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Chili-Garlic Sauce for Fish  /  nahm jeem plah pao ubon  Real Thai: The Best of Thailand's Regional Cooking, Chapter 6: Basic Recipes, page 190

Chili-Garlic Sauce for Fish / nahm jeem plah pao ubon Real Thai: The Best of Thailand’s Regional Cooking, Chapter 6: Basic Recipes, page 190

Making this bright, tangy little seasoning sauce for grilled and roasted whole fish reminded me of nahm plah wahn, sweet fish sauce, a classic Thai sauce paired with seafood, particularly grilled and roasted whole freshwater shrimp or salt water shrimp, or lobster. nam plah wahn is a fish sauce-and-palm sugar concoction, in which opposites attract and go out dancing, creating an extraordinary sweet-and-salty accompaniment for rustic grilled seafood, usually served at banquets or at upscale dining establishments. That sauce is quite thick and intense, while this more humble dish takes that combination as a starting point, and then keeps on climbing the flavor tower. Lime juice, chilies, raw garlic and green onion: all these players get together, combining light up the simple, delicious roasted fish, which is stuffed with lemongrass and other herbs, wrapped in banana leaves, and roasted whole over a charcoal fire. Feisty and fabulous.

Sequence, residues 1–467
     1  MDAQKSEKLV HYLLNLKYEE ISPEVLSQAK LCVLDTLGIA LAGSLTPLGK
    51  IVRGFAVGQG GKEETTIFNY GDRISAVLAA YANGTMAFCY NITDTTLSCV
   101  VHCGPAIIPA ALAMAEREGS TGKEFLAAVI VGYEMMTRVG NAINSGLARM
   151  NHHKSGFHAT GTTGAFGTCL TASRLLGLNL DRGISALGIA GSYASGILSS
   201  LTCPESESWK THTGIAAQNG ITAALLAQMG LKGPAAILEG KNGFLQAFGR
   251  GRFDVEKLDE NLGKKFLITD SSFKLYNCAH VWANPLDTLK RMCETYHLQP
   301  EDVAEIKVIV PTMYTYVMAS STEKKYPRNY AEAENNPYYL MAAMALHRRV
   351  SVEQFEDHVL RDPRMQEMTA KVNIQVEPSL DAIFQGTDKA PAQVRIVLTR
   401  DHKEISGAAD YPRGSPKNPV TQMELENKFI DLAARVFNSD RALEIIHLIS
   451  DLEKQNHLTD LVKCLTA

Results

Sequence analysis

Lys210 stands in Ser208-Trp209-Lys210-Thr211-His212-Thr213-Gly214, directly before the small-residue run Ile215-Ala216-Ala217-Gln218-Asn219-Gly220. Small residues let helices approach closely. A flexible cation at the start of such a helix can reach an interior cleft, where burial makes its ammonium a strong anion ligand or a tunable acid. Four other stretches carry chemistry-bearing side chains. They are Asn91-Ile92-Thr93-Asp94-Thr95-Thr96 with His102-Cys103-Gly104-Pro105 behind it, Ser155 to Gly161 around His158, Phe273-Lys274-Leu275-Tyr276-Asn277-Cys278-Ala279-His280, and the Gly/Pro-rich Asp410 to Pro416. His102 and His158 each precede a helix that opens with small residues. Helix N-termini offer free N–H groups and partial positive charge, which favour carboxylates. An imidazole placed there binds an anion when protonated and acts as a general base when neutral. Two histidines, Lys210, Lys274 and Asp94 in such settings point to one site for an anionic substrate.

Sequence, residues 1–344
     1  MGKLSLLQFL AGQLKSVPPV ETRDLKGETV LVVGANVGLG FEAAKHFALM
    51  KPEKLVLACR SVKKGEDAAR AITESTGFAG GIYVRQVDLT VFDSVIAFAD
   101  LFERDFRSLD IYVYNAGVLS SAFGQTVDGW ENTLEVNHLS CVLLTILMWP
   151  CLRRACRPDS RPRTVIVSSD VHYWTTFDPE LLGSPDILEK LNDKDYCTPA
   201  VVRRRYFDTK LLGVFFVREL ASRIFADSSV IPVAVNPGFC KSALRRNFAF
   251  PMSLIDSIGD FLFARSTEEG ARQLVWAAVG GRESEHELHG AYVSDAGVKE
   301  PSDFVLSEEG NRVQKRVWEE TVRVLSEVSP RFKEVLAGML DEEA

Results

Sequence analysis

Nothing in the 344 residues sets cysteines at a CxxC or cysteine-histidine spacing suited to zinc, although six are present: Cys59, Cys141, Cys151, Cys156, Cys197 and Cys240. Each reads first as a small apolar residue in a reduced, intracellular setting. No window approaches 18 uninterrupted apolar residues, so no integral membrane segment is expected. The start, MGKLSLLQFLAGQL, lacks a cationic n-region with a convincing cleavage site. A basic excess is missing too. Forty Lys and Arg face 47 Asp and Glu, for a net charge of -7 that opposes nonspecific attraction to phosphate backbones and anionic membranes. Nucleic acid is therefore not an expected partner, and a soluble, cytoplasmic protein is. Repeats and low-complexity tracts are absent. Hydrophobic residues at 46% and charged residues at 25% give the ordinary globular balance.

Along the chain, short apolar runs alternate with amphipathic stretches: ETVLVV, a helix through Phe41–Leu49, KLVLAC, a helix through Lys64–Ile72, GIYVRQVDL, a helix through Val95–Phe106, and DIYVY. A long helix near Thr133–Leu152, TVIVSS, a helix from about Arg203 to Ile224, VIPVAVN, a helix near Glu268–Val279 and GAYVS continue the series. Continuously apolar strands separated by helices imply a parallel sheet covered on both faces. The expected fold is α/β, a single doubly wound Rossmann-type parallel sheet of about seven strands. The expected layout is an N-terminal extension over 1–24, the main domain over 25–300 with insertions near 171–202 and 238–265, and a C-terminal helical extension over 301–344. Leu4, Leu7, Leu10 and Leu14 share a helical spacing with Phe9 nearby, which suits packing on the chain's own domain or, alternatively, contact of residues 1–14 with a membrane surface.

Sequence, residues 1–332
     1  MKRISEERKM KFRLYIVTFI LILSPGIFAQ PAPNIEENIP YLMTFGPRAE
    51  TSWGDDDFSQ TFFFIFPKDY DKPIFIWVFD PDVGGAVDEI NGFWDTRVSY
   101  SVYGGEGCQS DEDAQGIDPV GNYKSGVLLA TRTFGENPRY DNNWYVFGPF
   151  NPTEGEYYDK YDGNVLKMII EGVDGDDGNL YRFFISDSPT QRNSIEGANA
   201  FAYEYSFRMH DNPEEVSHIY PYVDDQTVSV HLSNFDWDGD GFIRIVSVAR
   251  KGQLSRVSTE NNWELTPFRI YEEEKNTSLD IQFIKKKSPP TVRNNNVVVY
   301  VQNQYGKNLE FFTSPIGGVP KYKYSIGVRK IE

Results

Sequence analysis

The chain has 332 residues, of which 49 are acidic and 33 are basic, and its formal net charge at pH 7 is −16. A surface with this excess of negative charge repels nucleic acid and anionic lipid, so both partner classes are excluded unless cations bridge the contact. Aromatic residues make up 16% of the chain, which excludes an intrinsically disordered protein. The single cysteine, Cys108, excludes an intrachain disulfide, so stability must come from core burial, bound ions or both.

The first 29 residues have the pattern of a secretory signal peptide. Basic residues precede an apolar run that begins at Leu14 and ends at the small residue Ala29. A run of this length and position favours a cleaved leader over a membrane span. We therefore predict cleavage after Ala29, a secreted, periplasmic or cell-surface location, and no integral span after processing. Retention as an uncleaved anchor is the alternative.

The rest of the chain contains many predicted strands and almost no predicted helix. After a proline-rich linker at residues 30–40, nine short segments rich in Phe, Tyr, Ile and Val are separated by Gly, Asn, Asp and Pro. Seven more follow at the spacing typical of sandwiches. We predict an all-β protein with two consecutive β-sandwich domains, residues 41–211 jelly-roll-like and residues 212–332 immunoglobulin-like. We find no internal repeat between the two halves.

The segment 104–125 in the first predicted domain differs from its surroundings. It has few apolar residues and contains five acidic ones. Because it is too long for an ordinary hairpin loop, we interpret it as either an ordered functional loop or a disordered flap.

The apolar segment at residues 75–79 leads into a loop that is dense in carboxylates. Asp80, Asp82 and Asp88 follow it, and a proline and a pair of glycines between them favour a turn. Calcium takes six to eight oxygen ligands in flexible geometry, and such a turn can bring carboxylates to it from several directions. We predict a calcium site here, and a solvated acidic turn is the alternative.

Just a tiny bit of cooking brings this sauce together. Simmering fish sauce, water, and palm sugar briefly to dissolve the sugar; then it's stir and enjoy.

Just a tiny bit of cooking brings this sauce together. Simmer fish sauce, water, and palm sugar briefly to dissolve the sugar; in go herbs and lime juice and boom! You are done and it’s time to simply enjoy Thailand’s flavor-genius on parade. This is the before-picture, the orginal bowl in which I stirred the few simple ingredients together with wicked-good results.

Don’t wait for a banana leaf and a whole fish, if that’s not on your menu for today. This little sauce tastes wonderful with anything from grilled salmon and fried pork chops to fried rice, baked potatoes, and grits. Yes, grits. It’s Sunday, and since I had just made this and taken the photos, I carried the bowl to the breakfast table and found that our good ol’ Southern-style breakfast, grits with eggs over easy and bacon, all tasted even better with nahm jeem plah pao ubon.

If you love cooking Asian food, treat yourself to a generous stack of individual sauce serving bowls (saucers, actually!), available at many Asian markets. (The glass ones came from a Western cooking   equipment shop.)

If you love cooking Asian food, treat yourself to a generous stack of individual sauce serving bowls (saucers, actually!), available at many Asian markets. (The glass ones came from a Western cooking equipment shop.)

 

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